Paul Dexter has been involved in the concert touring industry for over 30 years and has put in thousands of miles on the road. He continues to design, program, and tour, and will take time out of his busy schedule to speak at the first annual Live Design Concert Master Classes at CenterStaging in Los Angeles on December 11 & 12. He is also the co-author, with Jim Moody, of the third edition of Concert Lighting: Techniques, Art and Business (both authors sign copies of the book during the classes). Live Design touches base with Dexter about his life in the concert world:

1. What involvement do you have with the concert industry now?

Since February of 2005, I’ve been on a perpetual touring schedule with the classic rock band, REO Speedwagon, as production designer which encompasses all things visual— lighting designer/director/programmer, stage set designer, creative director, video concepts, content direction and concert video LD. It is a very hands-on affair because of all the adaptation needed for local production equipment, touring production equipment and venues from county fairs and casinos to theatres and stadiums. We just finished a summer tour (carrying our own production, including a 40’ x 14’ LED wall, in “Love on the Run” tour, featuring REO and Pat Benatar. I was also active for the creation of all things visual with Heaven and Hell, featuring Ronnie James Dio. He sadly lost his battle with stomach cancer in May of this year, but the band was proactive and very theatrical-production-aware, which pushed my concert designs to new highs. At the end of 2009, I was LD substitute for Bryan Hartley (he’s locked in to the annual Trans Siberian Orchestra franchise) and traveled to work all things visual in Hawaii and Abu Dhabi for shows with Aerosmith (see gallery on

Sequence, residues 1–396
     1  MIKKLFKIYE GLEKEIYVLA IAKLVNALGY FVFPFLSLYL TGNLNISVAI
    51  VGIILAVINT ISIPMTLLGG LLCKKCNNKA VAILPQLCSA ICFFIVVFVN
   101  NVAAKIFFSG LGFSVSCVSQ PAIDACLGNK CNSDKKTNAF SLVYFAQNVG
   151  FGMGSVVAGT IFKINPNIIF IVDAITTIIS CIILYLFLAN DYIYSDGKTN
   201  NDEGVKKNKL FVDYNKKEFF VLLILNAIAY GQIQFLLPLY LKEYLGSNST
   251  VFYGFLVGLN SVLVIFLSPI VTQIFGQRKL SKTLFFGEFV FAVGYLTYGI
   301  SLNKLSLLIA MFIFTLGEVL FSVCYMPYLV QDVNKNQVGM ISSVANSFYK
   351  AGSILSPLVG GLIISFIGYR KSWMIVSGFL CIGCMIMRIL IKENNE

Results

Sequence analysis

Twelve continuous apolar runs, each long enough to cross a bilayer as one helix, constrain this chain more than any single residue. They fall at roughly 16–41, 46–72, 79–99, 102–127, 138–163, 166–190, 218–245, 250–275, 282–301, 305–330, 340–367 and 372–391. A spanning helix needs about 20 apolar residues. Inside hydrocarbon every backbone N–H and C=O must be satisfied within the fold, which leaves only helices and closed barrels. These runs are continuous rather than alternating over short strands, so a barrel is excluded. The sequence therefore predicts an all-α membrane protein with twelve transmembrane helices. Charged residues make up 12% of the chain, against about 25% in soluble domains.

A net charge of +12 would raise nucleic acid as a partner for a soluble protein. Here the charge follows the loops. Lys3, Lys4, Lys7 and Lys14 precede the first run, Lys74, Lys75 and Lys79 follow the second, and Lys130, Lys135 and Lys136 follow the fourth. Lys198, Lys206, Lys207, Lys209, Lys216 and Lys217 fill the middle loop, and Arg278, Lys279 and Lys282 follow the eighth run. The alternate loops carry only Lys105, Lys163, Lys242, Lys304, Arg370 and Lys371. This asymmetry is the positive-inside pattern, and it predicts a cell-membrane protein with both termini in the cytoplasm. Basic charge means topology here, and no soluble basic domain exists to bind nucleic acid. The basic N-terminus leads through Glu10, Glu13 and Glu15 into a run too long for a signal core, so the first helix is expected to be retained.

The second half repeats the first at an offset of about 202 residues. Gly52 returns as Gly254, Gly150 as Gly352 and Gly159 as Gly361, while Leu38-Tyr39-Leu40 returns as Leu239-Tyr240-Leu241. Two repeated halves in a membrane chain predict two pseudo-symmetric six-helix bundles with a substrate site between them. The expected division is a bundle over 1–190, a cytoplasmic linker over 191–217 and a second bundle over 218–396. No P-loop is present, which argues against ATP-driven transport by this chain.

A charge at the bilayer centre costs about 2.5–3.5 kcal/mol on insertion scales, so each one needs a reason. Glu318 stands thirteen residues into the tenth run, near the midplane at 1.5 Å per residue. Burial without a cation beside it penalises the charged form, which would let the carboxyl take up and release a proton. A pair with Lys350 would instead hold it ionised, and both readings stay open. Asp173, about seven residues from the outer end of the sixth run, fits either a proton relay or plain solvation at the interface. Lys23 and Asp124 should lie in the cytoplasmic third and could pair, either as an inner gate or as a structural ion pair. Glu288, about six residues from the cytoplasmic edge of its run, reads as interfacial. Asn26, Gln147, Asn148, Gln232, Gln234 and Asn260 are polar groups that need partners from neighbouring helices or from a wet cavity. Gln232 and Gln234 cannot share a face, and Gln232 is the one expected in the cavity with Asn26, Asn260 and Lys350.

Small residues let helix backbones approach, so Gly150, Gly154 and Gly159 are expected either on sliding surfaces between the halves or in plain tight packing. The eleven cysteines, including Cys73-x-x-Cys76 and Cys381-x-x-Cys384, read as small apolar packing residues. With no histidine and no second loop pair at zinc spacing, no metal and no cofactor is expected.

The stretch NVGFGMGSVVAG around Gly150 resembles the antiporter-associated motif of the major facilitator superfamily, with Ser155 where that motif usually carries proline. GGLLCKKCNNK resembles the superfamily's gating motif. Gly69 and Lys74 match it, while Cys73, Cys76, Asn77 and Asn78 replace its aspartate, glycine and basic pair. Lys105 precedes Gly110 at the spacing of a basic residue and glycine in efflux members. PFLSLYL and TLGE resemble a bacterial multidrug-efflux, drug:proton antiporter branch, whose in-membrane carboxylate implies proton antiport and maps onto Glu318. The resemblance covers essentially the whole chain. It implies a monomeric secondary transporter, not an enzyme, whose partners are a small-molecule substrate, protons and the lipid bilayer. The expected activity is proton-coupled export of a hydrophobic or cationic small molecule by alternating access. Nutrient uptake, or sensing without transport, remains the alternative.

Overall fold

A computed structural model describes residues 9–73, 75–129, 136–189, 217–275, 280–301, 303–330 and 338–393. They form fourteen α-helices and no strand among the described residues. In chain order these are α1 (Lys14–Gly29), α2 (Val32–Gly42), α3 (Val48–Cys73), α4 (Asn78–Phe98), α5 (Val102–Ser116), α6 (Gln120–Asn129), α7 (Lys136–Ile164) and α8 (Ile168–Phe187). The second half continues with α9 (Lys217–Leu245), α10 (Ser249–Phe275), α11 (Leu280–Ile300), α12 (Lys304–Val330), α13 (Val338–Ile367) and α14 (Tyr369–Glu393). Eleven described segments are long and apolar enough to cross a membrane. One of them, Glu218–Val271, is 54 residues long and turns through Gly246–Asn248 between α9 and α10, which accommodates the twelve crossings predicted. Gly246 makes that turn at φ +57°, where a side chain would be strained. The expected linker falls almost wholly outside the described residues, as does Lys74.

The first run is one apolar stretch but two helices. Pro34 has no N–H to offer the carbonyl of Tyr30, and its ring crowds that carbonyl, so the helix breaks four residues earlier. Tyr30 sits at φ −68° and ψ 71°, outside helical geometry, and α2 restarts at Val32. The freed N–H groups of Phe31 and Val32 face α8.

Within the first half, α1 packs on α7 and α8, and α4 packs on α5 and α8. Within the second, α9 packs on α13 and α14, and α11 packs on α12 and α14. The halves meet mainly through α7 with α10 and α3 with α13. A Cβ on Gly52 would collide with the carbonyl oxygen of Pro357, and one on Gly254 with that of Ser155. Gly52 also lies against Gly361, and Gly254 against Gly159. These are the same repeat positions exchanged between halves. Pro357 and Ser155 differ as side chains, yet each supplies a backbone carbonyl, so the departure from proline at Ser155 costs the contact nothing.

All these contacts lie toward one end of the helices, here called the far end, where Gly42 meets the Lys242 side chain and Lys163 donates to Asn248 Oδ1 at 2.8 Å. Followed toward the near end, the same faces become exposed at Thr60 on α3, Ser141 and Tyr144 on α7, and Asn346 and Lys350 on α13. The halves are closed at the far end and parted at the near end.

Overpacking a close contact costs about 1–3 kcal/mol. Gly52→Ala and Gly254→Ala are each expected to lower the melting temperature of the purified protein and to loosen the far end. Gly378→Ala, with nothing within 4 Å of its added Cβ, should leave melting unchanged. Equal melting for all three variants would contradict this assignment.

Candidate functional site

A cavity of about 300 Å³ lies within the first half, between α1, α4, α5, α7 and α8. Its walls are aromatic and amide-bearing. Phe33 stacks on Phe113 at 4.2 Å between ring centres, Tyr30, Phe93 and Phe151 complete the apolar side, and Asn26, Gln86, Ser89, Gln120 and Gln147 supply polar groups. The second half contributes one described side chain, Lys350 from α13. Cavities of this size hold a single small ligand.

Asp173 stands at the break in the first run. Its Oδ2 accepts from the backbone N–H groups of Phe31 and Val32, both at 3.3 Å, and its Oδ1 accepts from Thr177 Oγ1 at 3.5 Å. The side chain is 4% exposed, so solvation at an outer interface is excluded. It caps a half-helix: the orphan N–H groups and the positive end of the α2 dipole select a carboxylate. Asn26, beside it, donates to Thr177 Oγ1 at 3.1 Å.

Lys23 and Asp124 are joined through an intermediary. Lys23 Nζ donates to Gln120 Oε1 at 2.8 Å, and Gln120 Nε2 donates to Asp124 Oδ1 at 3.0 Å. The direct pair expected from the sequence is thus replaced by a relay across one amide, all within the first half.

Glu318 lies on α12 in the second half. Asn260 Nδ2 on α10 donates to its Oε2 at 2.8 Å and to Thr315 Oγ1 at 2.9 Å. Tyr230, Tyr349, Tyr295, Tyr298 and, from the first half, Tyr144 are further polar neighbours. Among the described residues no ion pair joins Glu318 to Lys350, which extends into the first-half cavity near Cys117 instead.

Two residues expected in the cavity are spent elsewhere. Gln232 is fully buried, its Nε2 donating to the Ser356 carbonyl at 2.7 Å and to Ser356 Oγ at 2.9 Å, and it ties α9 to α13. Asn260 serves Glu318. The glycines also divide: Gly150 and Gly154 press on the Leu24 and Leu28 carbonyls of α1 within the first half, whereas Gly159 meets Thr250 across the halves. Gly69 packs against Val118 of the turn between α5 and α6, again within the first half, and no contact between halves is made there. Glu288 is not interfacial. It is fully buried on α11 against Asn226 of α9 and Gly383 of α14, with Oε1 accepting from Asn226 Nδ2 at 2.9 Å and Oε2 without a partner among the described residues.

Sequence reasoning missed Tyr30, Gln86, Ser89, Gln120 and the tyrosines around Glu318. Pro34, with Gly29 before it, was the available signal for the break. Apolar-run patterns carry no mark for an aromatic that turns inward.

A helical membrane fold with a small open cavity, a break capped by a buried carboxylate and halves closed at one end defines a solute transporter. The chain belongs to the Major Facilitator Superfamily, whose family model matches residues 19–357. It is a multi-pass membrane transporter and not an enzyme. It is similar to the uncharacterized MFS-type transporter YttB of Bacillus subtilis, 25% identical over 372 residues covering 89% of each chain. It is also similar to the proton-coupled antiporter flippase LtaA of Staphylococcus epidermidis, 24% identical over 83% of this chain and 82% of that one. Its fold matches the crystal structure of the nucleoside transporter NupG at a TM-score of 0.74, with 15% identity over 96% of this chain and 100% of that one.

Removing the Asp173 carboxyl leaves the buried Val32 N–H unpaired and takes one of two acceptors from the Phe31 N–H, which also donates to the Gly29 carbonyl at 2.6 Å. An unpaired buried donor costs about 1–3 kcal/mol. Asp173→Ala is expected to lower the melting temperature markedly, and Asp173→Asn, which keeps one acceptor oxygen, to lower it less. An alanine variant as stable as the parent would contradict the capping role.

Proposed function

2. You are the master of road stories. What is your favorite personal road story?

In 1978, I started concert touring with Rick James and continued during his meteoric rise and “Superfreak” heyday through 1981, at which time I began touring with Ozzy Osbourne (which is a whole other set of stories!). Rick was raised in the ghetto of Buffalo, N.Y. and needless to say, had a unique perspective and way of dealing with people, that was far different than I (white Southern California boy) was used too. Here is the story on YouTube, which I recorded for my film project Road Cases ( Click here and enjoy!